Deriving Capillary Pressure and Water Saturation from NMR Transversal Relaxation Times
- Juan Carlos Glorioso (Repsol YPF) | Omar Aguirre (Repsol YPF) | Gabriel Piotti (Repsol YPF) | Jean-François Mengual (Schlumberger)
- Document ID
- Society of Petroleum Engineers
- SPE Latin American and Caribbean Petroleum Engineering Conference, 27-30 April, Port-of-Spain, Trinidad and Tobago
- Publication Date
- Document Type
- Conference Paper
- 2003. Society of Petroleum Engineers
- 1.6.9 Coring, Fishing, 5.2 Reservoir Fluid Dynamics, 4.1.2 Separation and Treating, 5.6.1 Open hole/cased hole log analysis, 5.6.2 Core Analysis, 5.1 Reservoir Characterisation, 4.1.5 Processing Equipment, 5.5.2 Core Analysis, 5.2.1 Phase Behavior and PVT Measurements, 2.4.3 Sand/Solids Control, 4.3.4 Scale
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Determination of water saturation (Sw) from conventional resistivity and porosity logs has proved difficult in several gas fields within Bolivia. To address this challenge, a method was developed to determine Sw profiles based on pseudo-capillary pressure curves (Pc) derived from transversal relaxation times (T2 distribution) measured by nuclear magnetic resonance (NMR) logging tools.
Some of the Bolivian sand reservoirs, producing gas and condensate with a high gas/oil ratio, are characterized by a lack of resistivity contrast above and below the oil-water contact. This problem is attributed to complex mineralogy, including thin shale laminations within sand bodies of variable petrophysical quality, and mostly to very fresh formation waters that average a salinity of 5000 ppm of total dissolved solids. Also, the lack of lateral extension of each reservoir makes cross-well correlation very difficult.
The core hypothesis of this original method is to assume that the relation between capillary pressure and pore throat sizes is similar to that between T2 values and pore-size distribution. A consistent scaling factor is used to derive a pseudo-capillary pressure from an NMR T2 distribution. After the pseudo-pressure is calibrated with capillary pressure measurements from laboratory-derived core data, it is combined with density (difference between the produced hydrocarbon and the formation water) and free-water level (FWL) information to compute Sw along the wellbore trajectory.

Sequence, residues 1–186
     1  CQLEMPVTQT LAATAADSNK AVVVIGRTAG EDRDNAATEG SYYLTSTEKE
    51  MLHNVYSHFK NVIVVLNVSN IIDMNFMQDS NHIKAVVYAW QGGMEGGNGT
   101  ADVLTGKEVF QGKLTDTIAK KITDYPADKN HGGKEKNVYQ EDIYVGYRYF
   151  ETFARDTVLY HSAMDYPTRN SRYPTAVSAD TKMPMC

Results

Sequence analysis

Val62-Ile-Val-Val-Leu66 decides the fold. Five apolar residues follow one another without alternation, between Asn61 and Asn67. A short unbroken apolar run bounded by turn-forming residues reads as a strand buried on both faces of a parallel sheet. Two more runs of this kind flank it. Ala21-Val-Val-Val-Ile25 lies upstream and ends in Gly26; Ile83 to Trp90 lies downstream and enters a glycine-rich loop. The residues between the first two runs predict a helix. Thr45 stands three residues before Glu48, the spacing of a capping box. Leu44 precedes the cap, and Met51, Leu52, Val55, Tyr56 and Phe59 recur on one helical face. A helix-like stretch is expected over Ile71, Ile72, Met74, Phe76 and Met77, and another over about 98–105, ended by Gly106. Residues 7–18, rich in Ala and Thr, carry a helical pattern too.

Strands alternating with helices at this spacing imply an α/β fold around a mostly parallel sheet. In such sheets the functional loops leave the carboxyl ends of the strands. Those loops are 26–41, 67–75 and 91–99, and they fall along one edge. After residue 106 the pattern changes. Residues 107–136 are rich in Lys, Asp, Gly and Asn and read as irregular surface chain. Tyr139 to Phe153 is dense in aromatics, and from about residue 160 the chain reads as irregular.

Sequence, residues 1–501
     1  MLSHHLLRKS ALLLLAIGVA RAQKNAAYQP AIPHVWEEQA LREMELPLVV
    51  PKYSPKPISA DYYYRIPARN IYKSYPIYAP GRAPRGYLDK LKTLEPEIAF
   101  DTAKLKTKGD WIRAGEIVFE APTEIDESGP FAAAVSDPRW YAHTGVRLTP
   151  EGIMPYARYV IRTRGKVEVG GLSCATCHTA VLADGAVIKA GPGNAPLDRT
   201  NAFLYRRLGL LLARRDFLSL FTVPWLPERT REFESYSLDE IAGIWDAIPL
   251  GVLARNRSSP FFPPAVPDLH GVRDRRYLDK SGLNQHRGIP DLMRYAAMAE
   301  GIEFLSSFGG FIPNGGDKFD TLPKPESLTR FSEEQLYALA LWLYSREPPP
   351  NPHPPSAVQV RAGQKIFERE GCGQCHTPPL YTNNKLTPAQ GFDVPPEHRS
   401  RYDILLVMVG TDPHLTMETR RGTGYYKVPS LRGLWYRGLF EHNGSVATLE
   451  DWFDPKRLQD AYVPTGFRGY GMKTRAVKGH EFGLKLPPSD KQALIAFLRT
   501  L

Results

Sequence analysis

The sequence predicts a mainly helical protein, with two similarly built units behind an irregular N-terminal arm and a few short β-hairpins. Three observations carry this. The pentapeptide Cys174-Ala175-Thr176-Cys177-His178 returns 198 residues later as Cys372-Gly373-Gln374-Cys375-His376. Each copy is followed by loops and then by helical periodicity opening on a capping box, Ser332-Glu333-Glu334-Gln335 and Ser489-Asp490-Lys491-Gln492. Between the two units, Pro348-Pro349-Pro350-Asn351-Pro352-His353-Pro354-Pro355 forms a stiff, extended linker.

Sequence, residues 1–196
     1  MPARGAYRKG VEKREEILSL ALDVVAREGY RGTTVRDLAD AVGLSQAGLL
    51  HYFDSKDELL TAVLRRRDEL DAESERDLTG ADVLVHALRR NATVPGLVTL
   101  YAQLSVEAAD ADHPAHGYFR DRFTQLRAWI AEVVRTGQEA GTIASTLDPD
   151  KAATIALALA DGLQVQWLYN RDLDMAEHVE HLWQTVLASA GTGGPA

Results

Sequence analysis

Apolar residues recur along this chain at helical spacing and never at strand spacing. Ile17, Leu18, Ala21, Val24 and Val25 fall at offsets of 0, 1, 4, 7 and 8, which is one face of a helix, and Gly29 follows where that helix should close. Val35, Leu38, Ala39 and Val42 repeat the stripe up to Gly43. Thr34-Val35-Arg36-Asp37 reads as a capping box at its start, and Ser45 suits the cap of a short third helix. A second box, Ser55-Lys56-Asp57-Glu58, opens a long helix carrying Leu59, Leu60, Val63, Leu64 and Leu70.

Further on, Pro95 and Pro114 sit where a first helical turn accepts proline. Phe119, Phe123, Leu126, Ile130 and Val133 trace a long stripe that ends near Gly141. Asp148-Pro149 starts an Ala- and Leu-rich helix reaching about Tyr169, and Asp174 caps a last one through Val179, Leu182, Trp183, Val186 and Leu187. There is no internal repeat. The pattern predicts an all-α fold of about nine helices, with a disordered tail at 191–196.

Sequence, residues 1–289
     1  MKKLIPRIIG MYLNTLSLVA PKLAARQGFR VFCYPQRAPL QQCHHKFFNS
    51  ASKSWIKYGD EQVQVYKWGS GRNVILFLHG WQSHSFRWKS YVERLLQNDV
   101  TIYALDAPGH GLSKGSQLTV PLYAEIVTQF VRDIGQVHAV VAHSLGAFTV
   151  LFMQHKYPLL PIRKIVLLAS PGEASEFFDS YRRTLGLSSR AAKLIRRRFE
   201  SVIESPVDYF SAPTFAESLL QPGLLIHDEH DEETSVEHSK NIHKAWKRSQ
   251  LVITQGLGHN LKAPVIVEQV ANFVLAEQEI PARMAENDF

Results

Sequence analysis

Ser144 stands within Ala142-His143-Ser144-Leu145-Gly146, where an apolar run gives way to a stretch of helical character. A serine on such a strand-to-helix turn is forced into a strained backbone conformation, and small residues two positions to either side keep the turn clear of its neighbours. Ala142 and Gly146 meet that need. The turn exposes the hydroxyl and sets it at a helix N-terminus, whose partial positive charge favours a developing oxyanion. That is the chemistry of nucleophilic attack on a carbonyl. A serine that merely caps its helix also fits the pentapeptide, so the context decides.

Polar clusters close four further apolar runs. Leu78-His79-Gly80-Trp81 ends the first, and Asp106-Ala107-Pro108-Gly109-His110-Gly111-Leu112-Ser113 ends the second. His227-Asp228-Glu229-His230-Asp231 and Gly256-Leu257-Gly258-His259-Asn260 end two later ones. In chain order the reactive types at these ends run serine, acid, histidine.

Even so, in general terms, resistivity-based models are still the most consistent and documented foundation in order to compute water saturation; Examples demonstrate the success of this new standalone method of uncovering unforeseen hydrocarbon in place and obtaining accurate Sw as an alternative to the standard, but dubious or inadequate, resistivity method in Bolivia where cretaceous and carboniferous rocks with intergranular porosity are found within several sedimentary basins.
When the conventional methods for the calculation of the water saturation (Sw) profile in the reservoir are not reliable for different reasons, a viable alternative is the calculation based on capillary pressure (Pc) curves. Using the Pc curve, the water saturation (Sw) in the reservoir can be calculated for any height above the free water level (FWL). By knowing the capillary pressure in a point, Sw can be easily calculated without the need of any standard resistivity model, whenever FWL and the fluid density of hydrocarbon can be determined with certain precision.
As the capillary pressure is measured directly from cores or samples taken from the formation, normally it is difficult to find continuous information of Pc that allows creating a calculation throughout the whole formation thickness. In such sense, if it is realistic to acquire the value of Pc indirectly, for example by means of electrical logs, then one could virtually compute a continuous Sw.
Some authors, Volokitin1 et al., have studied the option of obtaining a continuous curve of Pc from the T2 distribution of transverse relaxation times of a Nuclear Magnetic Resonance (NMR) tool. In our case, we have experimented with the processing of the data acquired from a CMR* tool that includes an application to calculate a continuous curve of Pseudo-Capillary Pressure (P-Pc) and the Sw, from the T2 distribution of transverse relaxation times, the density difference between water and hydrocarbon enclosed in the reservoir and the FWL.
The method is essentially based on that the size of the poral throat has a relation with the size of the pore itself. Then as the capillary pressure, by means of calibration, can be derived from the size of the poral throat and likewise from the T2 time distribution of the CMR, we are subsequently able to get the pore size distribution. In conclusion, from a T2 time distribution curve one can, by means of calibration, obtain a Pseudo-Pc curve so that it is used in the calculation of water saturation Sw with the knowledge of the free water level FWL.
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